North Mississippi Allstars (Photo courtesy Red Light Management)
Luther and Cody Dickinson, the brothers at the core of blues-rockers the North Mississippi Allstars, mostly let the music speak for itself in their show at The Hamilton Live in DC. Joined by bassist and vocalist Taran Williams Jr., it was their first trip back to the DMV since before the covid pandemic. They were also touring behind a new album, Set Sail.
Second-generation musicians, Luther and Cody are the sons of musician and producer Jim Dickinson. You’ve almost certainly heard his playing; that’s him on the piano on the Rolling Stones’ “Wild Horses.” As a producer, he worked with Big Star (on Third), The Replacements, and Toots and the Maytalls, just to name a few. He wrote an excellent autobiography, I’m Just Dead, Not Gone; it’s also the title of his final album, on which both his sons played.
Jim Dickinson had a deep respect for the roots of American music, especially the blues. In his book, he talks about making pilgrimages to major sites in its history. His adult life — where he raised his sons — was largely spent in Memphis, and he made great efforts to immerse them in the surrounding North Mississippi hill culture and its blue music. Luther and Cody grew up around figures like Junior Kimbrough, to whom they paid tribute with a cover of his “Please Don’t Leave Me” at The Hamilton Live on Oct. 8. They also covered another great Hill country bluesman, R. L. Burnside, with “Poor Black Mattie,” as well as Howlin’ Wolf’s “Killing Floor.”
The evening’s set also included a cover of the Grateful Dead’s “Deep Ellum Blues.” The Allstars are considered a jam band, but they’re not one I would’ve said I saw as particularly similar to the Dead. The Dead incorporated a lot more country into their style, with Jerry Garcia’s electric guitar playing influenced by his background on the banjo; the Allstars are firmly planted in the blues. AllMusic lists Burnside and Kimbrough as influences, along with — as I expected — the Allman Brothers, the Stones, Cream, bluesmen Otha Turner, New Orlean’s the Meters and the Dirty Dozen Brass Band, Big Brother & The Holding Company (Janis Joplin’s backing band), blue-eyed soul man Dan Penn, and, surprisingly, the Replacements — but not the Dead. Their cover of this song didn’t sound much like the original (or the numerous live versions recorded over the years).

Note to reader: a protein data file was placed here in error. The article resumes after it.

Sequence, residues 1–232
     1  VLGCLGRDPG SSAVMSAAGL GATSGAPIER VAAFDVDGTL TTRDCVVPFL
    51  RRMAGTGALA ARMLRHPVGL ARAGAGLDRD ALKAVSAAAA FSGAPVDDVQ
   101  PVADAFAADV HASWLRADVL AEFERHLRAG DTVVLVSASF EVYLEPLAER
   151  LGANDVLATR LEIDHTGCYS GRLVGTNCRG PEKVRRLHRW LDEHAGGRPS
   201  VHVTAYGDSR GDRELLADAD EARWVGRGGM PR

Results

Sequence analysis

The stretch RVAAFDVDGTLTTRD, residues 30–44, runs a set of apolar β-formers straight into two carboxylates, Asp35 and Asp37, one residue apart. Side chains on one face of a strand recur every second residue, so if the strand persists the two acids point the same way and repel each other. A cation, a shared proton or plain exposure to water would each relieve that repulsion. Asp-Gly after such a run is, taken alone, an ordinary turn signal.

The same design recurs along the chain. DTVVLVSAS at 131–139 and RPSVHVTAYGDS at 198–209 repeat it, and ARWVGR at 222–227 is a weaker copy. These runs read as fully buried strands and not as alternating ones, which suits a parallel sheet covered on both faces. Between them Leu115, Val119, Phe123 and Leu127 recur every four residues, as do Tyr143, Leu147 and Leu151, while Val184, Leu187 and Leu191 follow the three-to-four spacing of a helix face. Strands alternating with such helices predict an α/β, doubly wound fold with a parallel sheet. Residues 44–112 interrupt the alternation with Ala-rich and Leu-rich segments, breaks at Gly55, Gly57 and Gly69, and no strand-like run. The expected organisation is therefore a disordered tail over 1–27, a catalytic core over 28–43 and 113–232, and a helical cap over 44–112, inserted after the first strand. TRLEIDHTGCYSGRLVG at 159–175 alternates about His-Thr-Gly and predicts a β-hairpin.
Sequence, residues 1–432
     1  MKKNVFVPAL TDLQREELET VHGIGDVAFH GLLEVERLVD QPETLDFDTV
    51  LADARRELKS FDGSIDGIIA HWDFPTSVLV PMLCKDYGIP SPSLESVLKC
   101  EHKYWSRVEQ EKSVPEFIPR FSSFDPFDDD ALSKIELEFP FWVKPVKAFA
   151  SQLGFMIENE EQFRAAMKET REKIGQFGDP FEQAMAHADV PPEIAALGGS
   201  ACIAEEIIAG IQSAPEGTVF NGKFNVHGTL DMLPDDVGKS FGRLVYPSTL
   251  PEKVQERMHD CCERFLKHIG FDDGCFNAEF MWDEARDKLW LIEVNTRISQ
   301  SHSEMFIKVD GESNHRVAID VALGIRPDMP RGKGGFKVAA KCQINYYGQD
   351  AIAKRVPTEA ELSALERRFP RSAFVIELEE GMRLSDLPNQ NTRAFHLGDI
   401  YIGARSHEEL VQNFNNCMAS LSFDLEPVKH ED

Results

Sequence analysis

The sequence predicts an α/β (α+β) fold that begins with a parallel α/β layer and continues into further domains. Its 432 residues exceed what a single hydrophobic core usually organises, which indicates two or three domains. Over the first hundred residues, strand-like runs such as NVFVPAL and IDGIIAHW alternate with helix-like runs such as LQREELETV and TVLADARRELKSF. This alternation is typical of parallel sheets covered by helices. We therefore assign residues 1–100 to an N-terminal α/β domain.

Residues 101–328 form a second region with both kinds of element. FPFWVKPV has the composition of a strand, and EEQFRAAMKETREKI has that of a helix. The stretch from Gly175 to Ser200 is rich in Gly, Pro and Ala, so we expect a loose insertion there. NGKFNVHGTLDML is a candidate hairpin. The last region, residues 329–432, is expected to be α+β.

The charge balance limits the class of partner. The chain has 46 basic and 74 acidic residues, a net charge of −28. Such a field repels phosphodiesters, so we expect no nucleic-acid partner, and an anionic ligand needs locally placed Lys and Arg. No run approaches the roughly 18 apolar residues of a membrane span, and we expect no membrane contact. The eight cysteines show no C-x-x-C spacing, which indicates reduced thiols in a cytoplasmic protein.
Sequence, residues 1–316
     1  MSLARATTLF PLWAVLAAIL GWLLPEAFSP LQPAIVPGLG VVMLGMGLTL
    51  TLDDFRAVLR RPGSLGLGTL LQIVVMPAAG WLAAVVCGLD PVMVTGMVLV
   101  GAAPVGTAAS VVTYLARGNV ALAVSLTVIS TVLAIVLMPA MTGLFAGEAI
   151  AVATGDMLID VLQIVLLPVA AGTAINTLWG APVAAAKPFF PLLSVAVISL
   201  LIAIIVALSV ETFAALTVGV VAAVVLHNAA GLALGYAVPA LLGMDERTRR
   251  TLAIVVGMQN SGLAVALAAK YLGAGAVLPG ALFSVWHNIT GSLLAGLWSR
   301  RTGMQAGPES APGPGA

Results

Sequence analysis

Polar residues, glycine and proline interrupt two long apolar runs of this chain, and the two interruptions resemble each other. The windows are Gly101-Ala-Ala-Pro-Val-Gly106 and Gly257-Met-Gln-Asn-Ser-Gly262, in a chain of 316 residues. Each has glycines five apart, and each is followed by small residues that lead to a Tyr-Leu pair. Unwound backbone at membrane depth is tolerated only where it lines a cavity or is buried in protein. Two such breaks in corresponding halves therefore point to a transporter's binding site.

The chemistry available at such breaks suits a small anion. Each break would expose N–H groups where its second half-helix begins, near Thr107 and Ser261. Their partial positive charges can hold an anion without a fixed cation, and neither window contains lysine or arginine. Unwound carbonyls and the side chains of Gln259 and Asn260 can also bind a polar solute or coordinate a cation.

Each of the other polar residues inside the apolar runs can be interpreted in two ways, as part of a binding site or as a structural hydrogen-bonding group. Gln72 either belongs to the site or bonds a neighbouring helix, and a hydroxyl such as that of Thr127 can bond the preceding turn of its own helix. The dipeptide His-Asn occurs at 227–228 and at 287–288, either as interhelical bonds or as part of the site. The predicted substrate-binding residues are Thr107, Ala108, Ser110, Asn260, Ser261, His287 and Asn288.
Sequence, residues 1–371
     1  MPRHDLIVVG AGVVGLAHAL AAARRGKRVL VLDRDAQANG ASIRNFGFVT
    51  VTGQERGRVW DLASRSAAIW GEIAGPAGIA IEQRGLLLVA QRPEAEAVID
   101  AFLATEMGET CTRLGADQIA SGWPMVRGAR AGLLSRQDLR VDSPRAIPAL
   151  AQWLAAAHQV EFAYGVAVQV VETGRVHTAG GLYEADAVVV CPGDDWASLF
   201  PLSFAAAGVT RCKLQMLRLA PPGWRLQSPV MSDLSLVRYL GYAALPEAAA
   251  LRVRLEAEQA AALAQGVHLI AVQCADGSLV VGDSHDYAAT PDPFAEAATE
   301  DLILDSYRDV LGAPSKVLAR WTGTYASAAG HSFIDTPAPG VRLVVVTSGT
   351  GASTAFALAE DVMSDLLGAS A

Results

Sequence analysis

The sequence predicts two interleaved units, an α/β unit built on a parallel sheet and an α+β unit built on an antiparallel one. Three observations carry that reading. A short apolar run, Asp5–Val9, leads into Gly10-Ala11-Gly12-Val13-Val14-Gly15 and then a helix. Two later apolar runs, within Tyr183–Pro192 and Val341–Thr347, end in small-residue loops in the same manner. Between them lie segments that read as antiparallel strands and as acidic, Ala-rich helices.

Watch North Mississippi Allstars cover “Deep Ellum Blues” by the Grateful Dead for Relix Studio Sessions on YouTube:
Mavis Staples got a shot out from Luther, too. Introducing “The Meeting,” he told the audience, “This goes out to the queen of our fair country, Miss Mavis Staples.” The crowd knew what was up and gave Mavis her respect. Before “Call That Gone,” he said “I tried to get my kid a big wheel. They don’t the Green Machine anymore.”
The set began with “Goin’ Down South.” Cody and Taran would take vocals on some of the songs in addition to Luther; I didn’t catch who was singing on “I Ain’t Superstitious.” A sizable crowd in the pit moved and grooved to “Bumpin'” and “Up & Rollin.” Other songs included “Outside” and the title track of their latest record, with the set ending with “Shake ‘Em on Down.” Including the encore, the trio played for more than two hours.
Throughout the set, Luther was effusive in his praise for the venue and his gratitude for the fans for coming out to see them. He also thanked the truck driver who gets their equipment from gig to gig.
Stream Set Sail by the North Mississippi Allstars on Spotify:
These guys can really play; Luther is especially well known for his guitar work, and he has been in and helmed various side projects, including solo LPs, an album with David Hidalgo of Los Lobos (Three Skulls and the Truth), and a great album featuring female Americana singers (Sisters of the Strawberry Moon).
Whatever he’s doing, all of Luther’s projects are high quality and fun to listen to; he’s a great musician who knows how to bring the party. Every time the North Mississippi Allstars are in town, it’s a party, and Saturday evening at The Hamilton Live was most definitely a party.